Lots and lots of questions, both relevant and irrelevant, about how the Supreme Court’s decision will be implemented by PERS and when. Let me say that the ink is barely dry on the decision and so it is a bit premature to begin to speculate with too much specificity how the ruling will be implemented, and when. We do know that the 2015 COLA will be 2%, as stated yesterday by PERS head Steve Rodeman. The court used a bit of confusing terminology when it described the effects of its ruling as a “blended COLA”. Blending has turned out to be a confusing word for people. I think what the Court should have said is that the COLA will be segmented into as many as three pieces depending on the proportion of work performed prior to May 6, 2013 (May 1 for practical purposes), work performed between May 6 (May 1) and October 8, 2013, and work performed after October 8, 2013. Each of those dates is associated with a different COLA. Prior to May 6, the old COLA was in effect (that’s the 2% maximum COLA, accrual of a COLA bank, and the use of the Portland CPI as the inflation measure; the second time period reduced the COLA max to 1.5% but left other features in place, while the third segment reduced the COLA to a flat 1.25% without reference to a CPI or a COLA bank. So, if nothing changes (see below) your revised COLA will be a combination of up to three segments of your working career with the COLA weighted in each segment by the length of time spent in that segment. For most people, even those retiring today, the dominant piece of the COLA will still be determined by the pre-May 6, 2013 rules (the OLD rules). The changes the legislature made that are prospective to your working life will dilute the final COLA by some unknown amount from the maximum of 2%. How this will be implemented remains to be seen. For people who worked their entire careers prior to May 6, 2013, the old rules govern your COLA, period. That is probably 85-90% of all current retirees.
There is, of course, a possibility that the Legislature can get involved now or in the 2016 short session and clean up the mess the 2013 Legislature created. There are lots of ways to do this, but the simplest (though not necessarily the most cost-conscious), would be to say “screw it”, completely repeal all portions of SB 822 and SB 861 relating to the COLA, and just re-do the COLA provision to be effective, say, July 1, 2015 or August 1, 2016 since 2015 is a settled issue from PERS’ standpoint. Imagine they just decide to start over and revised the COLA to the October 2013 rates and eliminate any reference to the May revision. This would become effective for only future retirees. The COLA would still be segmented for those retiring after the effective date of a revised law, but computationally it would make PERS’ life immensely easier by only having to deal with two segments, but would allow them to make a clean adjustment for all current retirees. Of course, doing this would be slightly more expensive than the present situation, but the extra cost would probably be offset in administrative and clerical savings from having the re-do.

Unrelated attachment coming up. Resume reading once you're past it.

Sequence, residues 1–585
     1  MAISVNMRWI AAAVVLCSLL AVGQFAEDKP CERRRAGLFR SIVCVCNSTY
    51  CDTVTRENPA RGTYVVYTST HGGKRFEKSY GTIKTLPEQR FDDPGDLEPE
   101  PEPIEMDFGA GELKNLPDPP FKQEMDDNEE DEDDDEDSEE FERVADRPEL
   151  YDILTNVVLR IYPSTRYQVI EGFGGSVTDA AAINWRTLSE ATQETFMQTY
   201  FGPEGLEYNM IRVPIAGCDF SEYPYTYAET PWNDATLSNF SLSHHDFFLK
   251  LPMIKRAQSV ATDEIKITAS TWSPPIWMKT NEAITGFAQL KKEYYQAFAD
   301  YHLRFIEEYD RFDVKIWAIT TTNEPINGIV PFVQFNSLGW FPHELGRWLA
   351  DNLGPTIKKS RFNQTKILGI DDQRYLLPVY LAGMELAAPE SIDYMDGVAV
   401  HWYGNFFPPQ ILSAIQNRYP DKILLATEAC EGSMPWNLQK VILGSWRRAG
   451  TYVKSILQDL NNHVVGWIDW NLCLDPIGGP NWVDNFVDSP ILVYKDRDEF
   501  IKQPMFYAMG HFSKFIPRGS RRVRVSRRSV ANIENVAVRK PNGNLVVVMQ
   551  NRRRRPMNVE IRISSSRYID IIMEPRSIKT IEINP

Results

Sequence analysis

I’m not predicting the above will happen; it is mere speculation that has been tossed around amongst some of us who think about these sorts of things. I expect the Legislature to do nothing, because that would require them to use less energy than they normally use for coming up with these preposterous plans. I don’t know if there is enough brain glucose to power the legislature through deep-think right now.
In the meantime, come to our PERS discussion group (see top link on this page), join up, and be welcomed into the discussion. There are a few of us gas-bags who enjoy speculating and playing armchair (or jailhouse) lawyers.
In the meantime, I wish PERS godspeed as they deal with this hot, steaming turd left in their laps by a group of greedy legislators, even greedier school board officials, and local government officials. They were warned this wouldn’t fly, and by god the court confirmed that turkeys can’t fly (with apologies to WKRP in Cincinnati).
Peace for another day.